Next comes Valkyries.  It starts slow, then builds to a metal crescendo, and from there we have the familiar layered vocals and Blind Guardian chorus.  It has a definite catchy melody.  It has its basis in Norse Mythology and references the Valkyries, warrior maidens on winged horses who appear after a battle.   They carry those who fought with honor and valor to a great Feasting Hall in the Afterlife, Valhalla.  

After Valkyries comes Control the Divine, about Lucifer in Milton's Paradise Lost and his motives and feelings.  It starts with an epic riff and continues with a pounding rhythm reminiscent of thundering destriers.  "How can we take it away from someone who has no right/No right to Control the Divine?"

The eighth track is War of the Thrones, inspired by the series A Song of Ice and Fire by George R. R. Martin.  It has a strange dichotomy to it, where the verses are melancholy and slow, and the refrain is more upbeat.  It refers to the war between the different noble houses over the throne and the vast Wall of Ice at the northern border that separates the men of Westeros from savages and horrors.  Unfortunately it gets a tad repetitive, and doesn't quite match the rest of the album.  It is not one of my favorites.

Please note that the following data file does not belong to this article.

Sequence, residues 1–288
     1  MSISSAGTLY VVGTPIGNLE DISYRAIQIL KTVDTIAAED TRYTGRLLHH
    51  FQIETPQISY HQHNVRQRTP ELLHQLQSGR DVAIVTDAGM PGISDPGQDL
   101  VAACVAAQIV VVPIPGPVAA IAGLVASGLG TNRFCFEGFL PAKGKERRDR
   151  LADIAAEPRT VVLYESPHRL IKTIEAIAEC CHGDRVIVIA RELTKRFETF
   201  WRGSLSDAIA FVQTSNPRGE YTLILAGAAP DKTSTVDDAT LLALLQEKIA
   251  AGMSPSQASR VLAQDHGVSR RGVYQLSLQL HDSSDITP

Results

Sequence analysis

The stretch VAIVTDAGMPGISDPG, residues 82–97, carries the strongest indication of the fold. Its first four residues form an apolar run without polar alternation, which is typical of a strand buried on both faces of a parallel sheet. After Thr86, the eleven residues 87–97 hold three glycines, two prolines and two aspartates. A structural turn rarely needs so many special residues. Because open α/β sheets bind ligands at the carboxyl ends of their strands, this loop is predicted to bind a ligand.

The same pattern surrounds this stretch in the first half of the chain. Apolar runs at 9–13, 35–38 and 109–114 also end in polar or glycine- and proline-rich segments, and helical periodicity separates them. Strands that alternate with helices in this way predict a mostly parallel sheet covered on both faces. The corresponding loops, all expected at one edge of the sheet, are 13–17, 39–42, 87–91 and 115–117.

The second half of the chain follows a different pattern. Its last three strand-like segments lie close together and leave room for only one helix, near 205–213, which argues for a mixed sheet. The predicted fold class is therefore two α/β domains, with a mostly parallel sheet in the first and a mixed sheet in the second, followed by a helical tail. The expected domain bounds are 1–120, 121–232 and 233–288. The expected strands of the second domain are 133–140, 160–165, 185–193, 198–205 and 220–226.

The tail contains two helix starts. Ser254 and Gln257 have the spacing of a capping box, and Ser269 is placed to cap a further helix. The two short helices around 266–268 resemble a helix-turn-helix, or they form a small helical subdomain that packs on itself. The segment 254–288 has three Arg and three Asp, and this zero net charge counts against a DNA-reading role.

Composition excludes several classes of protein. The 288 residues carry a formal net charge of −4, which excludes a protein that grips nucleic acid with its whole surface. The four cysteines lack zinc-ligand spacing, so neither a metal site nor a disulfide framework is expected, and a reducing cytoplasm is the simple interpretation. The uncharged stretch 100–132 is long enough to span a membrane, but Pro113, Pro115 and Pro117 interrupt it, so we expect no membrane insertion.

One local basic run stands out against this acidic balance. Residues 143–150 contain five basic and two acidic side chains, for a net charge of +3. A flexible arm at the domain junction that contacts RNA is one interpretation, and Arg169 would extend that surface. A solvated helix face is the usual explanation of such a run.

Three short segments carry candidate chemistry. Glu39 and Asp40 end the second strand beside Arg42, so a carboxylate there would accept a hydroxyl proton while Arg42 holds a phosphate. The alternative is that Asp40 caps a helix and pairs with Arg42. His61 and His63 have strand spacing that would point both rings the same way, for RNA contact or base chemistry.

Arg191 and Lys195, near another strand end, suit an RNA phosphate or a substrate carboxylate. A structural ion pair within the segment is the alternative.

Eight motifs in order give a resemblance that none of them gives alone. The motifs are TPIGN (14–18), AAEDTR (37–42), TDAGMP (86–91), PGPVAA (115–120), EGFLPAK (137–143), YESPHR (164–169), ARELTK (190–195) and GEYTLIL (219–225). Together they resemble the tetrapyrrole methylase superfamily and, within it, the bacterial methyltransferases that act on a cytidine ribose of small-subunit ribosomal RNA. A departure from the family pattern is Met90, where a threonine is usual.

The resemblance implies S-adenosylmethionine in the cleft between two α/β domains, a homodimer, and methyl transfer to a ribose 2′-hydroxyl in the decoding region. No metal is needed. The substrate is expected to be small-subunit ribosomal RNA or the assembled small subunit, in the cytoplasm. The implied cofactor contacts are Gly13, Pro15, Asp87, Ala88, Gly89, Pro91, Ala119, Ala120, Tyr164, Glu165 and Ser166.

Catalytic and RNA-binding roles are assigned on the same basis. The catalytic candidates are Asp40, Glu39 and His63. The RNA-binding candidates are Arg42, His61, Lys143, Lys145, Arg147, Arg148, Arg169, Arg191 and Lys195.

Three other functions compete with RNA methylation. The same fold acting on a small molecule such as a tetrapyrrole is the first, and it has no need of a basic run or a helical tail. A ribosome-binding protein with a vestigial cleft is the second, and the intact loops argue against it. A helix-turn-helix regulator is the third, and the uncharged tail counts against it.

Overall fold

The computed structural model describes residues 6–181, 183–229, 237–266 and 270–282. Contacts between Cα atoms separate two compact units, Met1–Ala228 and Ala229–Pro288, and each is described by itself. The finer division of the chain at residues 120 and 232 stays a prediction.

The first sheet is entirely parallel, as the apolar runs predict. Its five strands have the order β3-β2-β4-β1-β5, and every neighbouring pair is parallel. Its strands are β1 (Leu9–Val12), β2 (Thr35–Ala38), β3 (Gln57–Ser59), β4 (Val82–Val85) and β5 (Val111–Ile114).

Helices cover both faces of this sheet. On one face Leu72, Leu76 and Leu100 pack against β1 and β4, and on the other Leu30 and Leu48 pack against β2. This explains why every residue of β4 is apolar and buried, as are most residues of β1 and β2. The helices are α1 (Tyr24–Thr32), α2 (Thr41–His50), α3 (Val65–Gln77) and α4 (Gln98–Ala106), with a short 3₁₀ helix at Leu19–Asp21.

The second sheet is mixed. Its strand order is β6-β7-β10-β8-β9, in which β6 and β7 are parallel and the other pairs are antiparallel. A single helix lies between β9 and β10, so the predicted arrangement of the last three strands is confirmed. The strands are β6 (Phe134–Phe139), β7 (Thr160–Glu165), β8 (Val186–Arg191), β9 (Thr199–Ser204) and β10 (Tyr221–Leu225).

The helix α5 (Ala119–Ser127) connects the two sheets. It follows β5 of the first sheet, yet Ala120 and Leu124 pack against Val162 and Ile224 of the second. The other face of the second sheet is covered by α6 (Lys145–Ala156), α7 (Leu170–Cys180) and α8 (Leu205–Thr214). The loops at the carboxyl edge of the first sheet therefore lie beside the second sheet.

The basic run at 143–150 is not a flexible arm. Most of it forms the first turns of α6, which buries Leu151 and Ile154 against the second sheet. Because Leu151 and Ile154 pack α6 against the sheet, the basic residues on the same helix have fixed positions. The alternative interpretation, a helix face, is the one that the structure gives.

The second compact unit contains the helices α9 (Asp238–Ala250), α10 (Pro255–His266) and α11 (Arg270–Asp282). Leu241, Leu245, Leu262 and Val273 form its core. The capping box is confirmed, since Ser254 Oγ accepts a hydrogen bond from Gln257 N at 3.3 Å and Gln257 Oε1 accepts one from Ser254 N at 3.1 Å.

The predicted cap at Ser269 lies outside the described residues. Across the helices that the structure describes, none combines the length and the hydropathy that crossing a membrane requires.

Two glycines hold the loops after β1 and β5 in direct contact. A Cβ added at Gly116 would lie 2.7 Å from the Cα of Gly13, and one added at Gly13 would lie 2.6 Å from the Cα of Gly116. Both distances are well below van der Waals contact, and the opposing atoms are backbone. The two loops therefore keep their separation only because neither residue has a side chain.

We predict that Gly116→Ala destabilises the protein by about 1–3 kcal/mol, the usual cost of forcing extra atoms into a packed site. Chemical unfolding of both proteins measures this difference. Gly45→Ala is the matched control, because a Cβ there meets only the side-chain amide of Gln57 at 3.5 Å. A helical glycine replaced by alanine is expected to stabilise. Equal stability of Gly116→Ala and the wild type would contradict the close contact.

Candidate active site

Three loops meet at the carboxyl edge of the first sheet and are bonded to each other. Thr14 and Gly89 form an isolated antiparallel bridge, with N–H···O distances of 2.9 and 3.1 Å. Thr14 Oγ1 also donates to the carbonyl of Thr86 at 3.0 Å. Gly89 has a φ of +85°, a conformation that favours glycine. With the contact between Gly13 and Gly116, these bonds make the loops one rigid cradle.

Track 9 is A Voice in the Dark, and it returns to the melodic thrash they perfected on Imaginations from the Other Side.  Technically perfect, energetic and epic, it compels you to contract a bad case of "Slayer Neck."  I got chills and elation the first time I heard the song.  This is also themed around A Song of Ice and Fire, and tells story of how Bran, one of the characters, lay with a broken back after being pushed from a high tower he was climbing, and in his coma was tormented by visions and prophecies. 

The final track, The Wheel of Time, starts out with almost a middle-eastern groove, before the crescendo into the main part of the song.  It, too, drags a bit, despite the frenetic orchestral interludes.  The song takes a bit to pick up the pace.  The subject matter itself is from Robert Jordan's Wheel of Time, and is about males and saidar, the magical power that drives them mad.

I have listened to this album practically nonstop since its U.S. release, banging my head in ecstasy as the band kicks ass again and again.  This is a very strong album, a much finer effort than A Twist in the Myth, and most tracks are very reminiscent of earlier releases such as Imaginations from the Other Side and A Night at the Opera.  I love the energy and feel to this album, even if the subject matter is entirely derived from other people's works.  It holds together well, and renews my hope in a band that I thought had lost its magic.  Well done, Blind Guardian!  May you continue to rock well into your golden years.  You are indeed worthy of Valhalla, all of you! 

No comments:

Post a Comment